Determining your eligibility for expungement through examining each applicable factor can be a complex process, but an experienced expungement attorney can help you navigate the process.
What is the Process?
The expungement process is something that can be completed on your own, but it is always helpful to have an expert expungement attorney supporting you during the process.
The State of New Jersey recommends collecting the following information to prepare for the expungement process:
- “The date of your arrest as an adult or when you were taken into custody as a juvenile.
- The statute(s) and the offense(s) for which you were arrested, taken into custody as a juvenile, convicted or adjudicated delinquent.
- The original indictment, accusation, summons, docket number, warrant number or complaint number. Include all, if more than one.
- The date of the disposition, which could be the date of the conviction or adjudication of delinquency, date of not guilty verdict or date of dismissal.
- The specific punishment or other disposition.”
Most of the time, expungement proceedings are relatively straightforward. Some more complex cases require contested litigation and court appearances.
New Jersey does not have automatic “expungements.” Even if a criminal charge is dismissed, there is still a record of arrest that will remain on your record unless you petition for expungement.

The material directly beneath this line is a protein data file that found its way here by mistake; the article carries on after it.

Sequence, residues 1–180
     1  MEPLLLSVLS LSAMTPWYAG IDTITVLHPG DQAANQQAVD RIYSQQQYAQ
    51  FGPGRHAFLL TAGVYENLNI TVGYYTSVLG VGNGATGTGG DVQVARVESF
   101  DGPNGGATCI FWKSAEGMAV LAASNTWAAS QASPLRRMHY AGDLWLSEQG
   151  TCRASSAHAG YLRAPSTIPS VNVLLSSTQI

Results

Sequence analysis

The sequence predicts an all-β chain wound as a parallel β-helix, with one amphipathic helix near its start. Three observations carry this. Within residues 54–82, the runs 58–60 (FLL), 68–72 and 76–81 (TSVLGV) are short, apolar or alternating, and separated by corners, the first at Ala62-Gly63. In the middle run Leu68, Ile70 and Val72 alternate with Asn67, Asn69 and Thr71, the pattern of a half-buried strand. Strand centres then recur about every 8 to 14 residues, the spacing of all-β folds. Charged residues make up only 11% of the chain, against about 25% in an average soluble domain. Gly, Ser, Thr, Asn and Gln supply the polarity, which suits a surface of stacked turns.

New Jersey diversionary programs (“PTI”, “Conditional Discharge” and “Conditional Dismissal”), which dismiss charges after the expiration of a predetermined period of time, still leave a recorded history on your criminal record.
The record of your arrest, conviction and/or entry into a diversionary program can be removed from your record. Most other criminal and offense convictions are eligible for expungement after a statutory waiting period.
While each case is unique, the expungement process usually takes several months.
Hire an Experienced Expungement Attorney
Daniel M. Rosenberg & Associates routinely handles expungements throughout New Jersey. If your expungement matter is complex or you simply do not feel comfortable preparing and filing your petition on your own, Daniel M. Rosenberg & Associates can handle your expungement matter from start to finish.
If you have any questions about what is on your criminal record, you can obtain a copy on your own through the New Jersey State Police. You can visit the New Jersey State Police website to get directions on how to get a copy of your New Jersey Certified Criminal History.
Depending on the content of what is being expunged, there are certain expungement waiting periods. For questions about eligibility, waiting periods or anything else relating to expungements, please contact the attorneys at Daniel M. Rosenberg & Associates through our website or call (609) 216-7400 for a consultation.
There is a $75.00 consultation fee for expungement matters. If you decide to hire our firm your consultation fee will be applied toward your expungement representation fee.